Carl Crawford is bound to take a lot of boos and jeers from Red Sox fans until he starts producing for the big club. But one dude in New Hampshire took it up (or down) a notch during Crawford’s rehab game against the New Hampshire Fisher Cats in Manchester last night:
The fan — who Crawford claimed uttered “a racial slur” — routinely made his feelings known with regard to the left fielder’s $142 million contract and whether he was earning it. The heckler’s message: overrated, overpaid …
… “Talking about that guy, he actually called me a racial slur to begin the game,” said Crawford … “He was the only one I had a problem with. People in Boston don’t even do that. So I don’t know what that was about. It’s not that bad in Boston, like that.”
I’m sure it made the fan feel pretty good and pretty clever. After which he drove home and resumed his miserable, pathetic life and continued to channel his own frustrations and mental limitations into hostility towards others and will eventually die never having come close to understanding even a scintilla of what life is about nor experiencing true human affection.
Yankees second baseman Gleyber Torres was born on December 13, 1996. That year, Bartolo Colon (who turns 45 years old on Thursday) was wrapping up a season he spent with Double-A Canton-Akron and Triple-A Buffalo. He would debut in the majors the following April.
In a clash of generations, the 21-year-old Torres and Colon squared off on Monday as the Yankees visited the Rangers. Torres won the battle twice, drilling a two-run home run off of Colon in the second inning and a solo shot off of Colon in the fourth. Colon wound up giving up six runs in total on eight hits (including four homers) and a walk with four strikeouts in 5 1/3 innings.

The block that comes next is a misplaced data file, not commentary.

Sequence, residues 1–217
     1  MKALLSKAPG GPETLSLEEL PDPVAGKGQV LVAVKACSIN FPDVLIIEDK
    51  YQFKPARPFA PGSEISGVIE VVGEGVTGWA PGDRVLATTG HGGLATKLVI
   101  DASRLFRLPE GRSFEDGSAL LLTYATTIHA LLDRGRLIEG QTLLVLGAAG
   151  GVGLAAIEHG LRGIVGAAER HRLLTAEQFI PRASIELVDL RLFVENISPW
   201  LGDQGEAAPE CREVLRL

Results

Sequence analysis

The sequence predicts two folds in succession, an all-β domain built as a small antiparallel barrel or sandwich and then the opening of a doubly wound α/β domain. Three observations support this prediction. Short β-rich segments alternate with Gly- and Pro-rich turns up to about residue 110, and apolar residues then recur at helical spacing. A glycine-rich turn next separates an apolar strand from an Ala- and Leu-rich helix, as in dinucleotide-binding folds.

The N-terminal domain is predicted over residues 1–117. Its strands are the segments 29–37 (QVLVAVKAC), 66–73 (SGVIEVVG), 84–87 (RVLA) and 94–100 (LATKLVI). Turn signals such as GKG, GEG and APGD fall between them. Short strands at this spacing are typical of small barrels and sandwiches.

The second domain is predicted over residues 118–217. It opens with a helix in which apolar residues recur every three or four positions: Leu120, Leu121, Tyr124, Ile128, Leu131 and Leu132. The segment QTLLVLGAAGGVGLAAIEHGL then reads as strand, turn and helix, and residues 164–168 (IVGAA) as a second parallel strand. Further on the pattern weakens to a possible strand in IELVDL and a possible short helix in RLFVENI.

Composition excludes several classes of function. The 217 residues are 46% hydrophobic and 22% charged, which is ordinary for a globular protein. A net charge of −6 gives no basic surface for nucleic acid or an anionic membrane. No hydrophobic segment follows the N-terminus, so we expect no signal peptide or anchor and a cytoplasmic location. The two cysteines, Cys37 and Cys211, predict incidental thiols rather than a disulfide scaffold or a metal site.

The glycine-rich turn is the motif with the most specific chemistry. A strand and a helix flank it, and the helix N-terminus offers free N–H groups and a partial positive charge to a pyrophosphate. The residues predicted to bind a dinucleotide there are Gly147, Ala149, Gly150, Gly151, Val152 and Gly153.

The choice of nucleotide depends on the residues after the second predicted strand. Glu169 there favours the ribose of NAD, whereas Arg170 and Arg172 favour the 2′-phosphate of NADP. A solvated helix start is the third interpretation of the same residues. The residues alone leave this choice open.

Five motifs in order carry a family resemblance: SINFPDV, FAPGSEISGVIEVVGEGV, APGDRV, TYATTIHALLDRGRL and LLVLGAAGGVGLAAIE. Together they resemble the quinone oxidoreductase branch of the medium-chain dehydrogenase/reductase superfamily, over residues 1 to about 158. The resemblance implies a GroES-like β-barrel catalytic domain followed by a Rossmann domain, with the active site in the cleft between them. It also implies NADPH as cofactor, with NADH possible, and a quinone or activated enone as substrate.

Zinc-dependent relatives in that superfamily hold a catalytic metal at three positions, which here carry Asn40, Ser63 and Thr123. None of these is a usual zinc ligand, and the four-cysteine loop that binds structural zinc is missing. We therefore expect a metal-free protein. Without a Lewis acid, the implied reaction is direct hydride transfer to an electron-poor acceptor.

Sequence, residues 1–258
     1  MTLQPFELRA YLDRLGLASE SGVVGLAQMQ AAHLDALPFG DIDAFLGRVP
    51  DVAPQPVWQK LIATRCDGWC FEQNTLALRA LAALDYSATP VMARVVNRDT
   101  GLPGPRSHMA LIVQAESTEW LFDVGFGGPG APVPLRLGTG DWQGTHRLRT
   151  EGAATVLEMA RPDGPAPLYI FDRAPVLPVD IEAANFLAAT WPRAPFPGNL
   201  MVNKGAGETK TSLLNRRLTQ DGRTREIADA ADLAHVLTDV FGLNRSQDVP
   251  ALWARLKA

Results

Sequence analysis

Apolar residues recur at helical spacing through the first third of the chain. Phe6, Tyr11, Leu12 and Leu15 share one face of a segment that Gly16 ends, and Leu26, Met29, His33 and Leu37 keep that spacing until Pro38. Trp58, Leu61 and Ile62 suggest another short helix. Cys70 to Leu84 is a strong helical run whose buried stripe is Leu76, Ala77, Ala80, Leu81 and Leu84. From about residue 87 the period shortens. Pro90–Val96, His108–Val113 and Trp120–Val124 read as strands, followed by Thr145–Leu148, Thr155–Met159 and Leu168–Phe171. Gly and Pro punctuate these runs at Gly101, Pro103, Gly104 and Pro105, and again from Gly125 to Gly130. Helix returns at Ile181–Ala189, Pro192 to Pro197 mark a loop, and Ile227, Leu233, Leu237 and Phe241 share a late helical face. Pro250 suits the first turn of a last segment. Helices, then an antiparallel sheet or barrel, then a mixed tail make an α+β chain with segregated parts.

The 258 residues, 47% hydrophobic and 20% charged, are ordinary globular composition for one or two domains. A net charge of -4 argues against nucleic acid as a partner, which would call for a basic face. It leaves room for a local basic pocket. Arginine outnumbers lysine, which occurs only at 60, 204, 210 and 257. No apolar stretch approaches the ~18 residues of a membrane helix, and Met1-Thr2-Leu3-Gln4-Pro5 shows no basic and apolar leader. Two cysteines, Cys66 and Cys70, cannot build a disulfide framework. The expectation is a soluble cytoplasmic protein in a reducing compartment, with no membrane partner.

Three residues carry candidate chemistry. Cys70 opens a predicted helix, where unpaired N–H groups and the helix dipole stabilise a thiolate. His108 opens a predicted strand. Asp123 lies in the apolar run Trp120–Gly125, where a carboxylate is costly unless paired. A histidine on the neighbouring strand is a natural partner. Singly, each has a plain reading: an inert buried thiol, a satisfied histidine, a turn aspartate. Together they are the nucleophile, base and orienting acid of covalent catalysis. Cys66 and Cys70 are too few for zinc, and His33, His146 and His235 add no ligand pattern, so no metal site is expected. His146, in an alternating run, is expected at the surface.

Here is video of the first homer Torres hit:
Torres is the second-youngest Yankee in club history with a multi-homer game. Mickey Mantle was 20 years and 296 days old when he went yard twice on August 11, 1952. Torres is 21 years, 159 days old. Joe DiMaggio was 21-212 when he hit two on June 24, 1936.
So much for respecting one’s elders. We’re currently seeing a youth movement in baseball. 19-year-old Juan Soto hit his first major league homer on Monday against the Padres. 20-year-olds Ronald Acuña and Mike Soroka debuted for the Braves earlier this year. Could 19-year-old Blue Jays prospect Vladimir Guerrero, Jr. join them soon?